How do you know if you're about to be fired? Look for these signs.

Without a doubt, being fired from your job is probably one of the most unpleasant experiences you can have, ranking up there with working in a toxic environment, being harassed, or having a horrible boss. And while some people have never been fired, being fired is more common than you might think; a Branded study found that an estimated one-third of people have been fired from a position during their career. 

There can be many reasons for being fired: your performance, the performance of the team you manage, or personality conflicts with your manager and others. In a best-case scenario, your manager discusses the issues with you, shares clear feedback, and guides you to make improvements. 

Unfortunately, for some, being fired comes without warning. One survey found that 68 percent of people who had been previously fired from a job said they were surprised by the news.

If your manager doesn't tell you there's a possibility you could be fired, there are other cues that will tell you something is not quite right and your job could be at risk. 

Being fired doesn't have to come as a complete shock; here are five signs to look out for.

Your performance feedback hasn't been great

Great performance feedback often includes a balanced discussion of areas where an employee meets expectations and areas that need improvement. After all, no one is perfect, and even the best performers can benefit from constructive feedback. 

However, if you notice that the feedback seems to be more skewed towards areas for improvement than areas of strength, there's a chance your manager may be trying to tell you that things are not looking good.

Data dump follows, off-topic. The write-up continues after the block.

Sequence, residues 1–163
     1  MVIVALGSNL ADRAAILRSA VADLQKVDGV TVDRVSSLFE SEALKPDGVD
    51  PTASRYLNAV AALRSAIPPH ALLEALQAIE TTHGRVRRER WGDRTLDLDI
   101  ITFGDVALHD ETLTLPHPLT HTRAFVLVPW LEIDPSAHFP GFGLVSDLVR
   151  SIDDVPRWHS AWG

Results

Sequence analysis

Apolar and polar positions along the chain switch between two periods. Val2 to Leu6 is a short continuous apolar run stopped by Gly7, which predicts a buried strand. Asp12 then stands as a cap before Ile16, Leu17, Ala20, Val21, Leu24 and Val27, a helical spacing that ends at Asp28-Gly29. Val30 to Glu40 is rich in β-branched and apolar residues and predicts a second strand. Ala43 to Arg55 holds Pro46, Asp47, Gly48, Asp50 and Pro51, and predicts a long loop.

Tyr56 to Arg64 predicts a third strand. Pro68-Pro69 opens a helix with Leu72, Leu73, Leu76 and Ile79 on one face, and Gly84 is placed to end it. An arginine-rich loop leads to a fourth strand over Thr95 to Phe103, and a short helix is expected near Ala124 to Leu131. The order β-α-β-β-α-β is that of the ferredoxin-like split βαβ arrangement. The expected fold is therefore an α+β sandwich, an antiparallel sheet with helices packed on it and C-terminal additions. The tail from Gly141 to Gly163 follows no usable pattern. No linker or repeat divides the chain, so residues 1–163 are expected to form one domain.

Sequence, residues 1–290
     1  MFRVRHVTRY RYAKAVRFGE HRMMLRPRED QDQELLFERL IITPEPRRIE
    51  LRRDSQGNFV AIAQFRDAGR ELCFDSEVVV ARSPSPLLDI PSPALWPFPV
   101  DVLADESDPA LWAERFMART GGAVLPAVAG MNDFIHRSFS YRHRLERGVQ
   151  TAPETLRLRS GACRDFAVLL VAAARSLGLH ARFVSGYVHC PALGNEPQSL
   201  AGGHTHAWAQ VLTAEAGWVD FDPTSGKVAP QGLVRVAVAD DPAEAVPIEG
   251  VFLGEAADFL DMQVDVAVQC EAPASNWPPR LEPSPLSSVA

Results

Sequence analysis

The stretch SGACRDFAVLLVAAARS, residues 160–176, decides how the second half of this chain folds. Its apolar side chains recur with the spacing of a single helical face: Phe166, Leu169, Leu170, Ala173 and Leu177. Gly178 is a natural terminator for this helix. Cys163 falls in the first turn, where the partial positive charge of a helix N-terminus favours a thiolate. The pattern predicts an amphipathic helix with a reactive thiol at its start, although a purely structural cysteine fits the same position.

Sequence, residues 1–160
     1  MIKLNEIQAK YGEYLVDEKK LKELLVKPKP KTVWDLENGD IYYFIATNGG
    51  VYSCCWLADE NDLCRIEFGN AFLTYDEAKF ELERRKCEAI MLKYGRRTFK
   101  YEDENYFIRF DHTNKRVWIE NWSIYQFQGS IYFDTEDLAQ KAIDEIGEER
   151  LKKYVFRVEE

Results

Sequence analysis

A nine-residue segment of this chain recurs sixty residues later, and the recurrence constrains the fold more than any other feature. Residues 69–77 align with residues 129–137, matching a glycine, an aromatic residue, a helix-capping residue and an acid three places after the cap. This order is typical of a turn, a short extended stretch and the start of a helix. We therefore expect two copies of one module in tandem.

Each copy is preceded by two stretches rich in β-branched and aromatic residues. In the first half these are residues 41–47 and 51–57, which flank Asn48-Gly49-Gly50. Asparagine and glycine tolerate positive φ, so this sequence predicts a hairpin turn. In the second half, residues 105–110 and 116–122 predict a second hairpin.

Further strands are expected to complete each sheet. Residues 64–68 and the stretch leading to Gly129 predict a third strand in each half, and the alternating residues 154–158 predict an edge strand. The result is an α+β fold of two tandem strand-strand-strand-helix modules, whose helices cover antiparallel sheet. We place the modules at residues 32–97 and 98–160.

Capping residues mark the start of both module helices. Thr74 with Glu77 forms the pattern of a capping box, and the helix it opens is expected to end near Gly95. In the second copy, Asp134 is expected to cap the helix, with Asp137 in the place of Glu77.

Your most recent performance review can also show signs that you may be asked to leave. Perhaps you received an average performance rating, or the review feedback didn't focus on your achievements as much as you think it should have. In that case, your manager may have had concerns but struggled to articulate them effectively. 

It's not unusual for managers to struggle with giving feedback. One study found that 37 percent of managers are uncomfortable giving feedback they think will be met with a bad employee response. 

If your performance review discussion didn't go well, your manager may have been trying to set the stage for a more serious conversation.

You're not being asked to take on new work

If you see new projects and assignments being passed on to others, it could be because your manager doesn't have faith in your ability to execute them well. It could also mean your manager is already planning for a future when you won't be in your position to complete those projects.

While there may be another reason you aren't being asked to take on new work, any reduction in the work you're asked to do is likely a sign that your manager relies more on others (and less on you) to get things done. 

If you show a willingness to do more and there is still no change, it's time to share your concerns with your manager and try to understand if your team may be moving on without you.

You have a new manager